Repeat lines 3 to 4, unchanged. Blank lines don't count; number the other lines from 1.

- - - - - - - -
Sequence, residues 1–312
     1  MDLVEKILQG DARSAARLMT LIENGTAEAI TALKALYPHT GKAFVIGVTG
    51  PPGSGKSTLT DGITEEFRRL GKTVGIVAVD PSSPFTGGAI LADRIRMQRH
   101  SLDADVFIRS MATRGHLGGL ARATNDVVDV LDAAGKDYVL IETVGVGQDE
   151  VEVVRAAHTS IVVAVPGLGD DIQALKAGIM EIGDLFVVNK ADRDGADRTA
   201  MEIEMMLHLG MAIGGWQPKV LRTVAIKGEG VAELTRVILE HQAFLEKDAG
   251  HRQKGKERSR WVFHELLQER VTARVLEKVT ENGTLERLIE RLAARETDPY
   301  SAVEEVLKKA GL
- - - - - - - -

    51  PPGSGKSTLT DGITEEFRRL GKTVGIVAVD PSSPFTGGAI LADRIRMQRH
   101  SLDADVFIRS MATRGHLGGL ARATNDVVDV LDAAGKDYVL IETVGVGQDE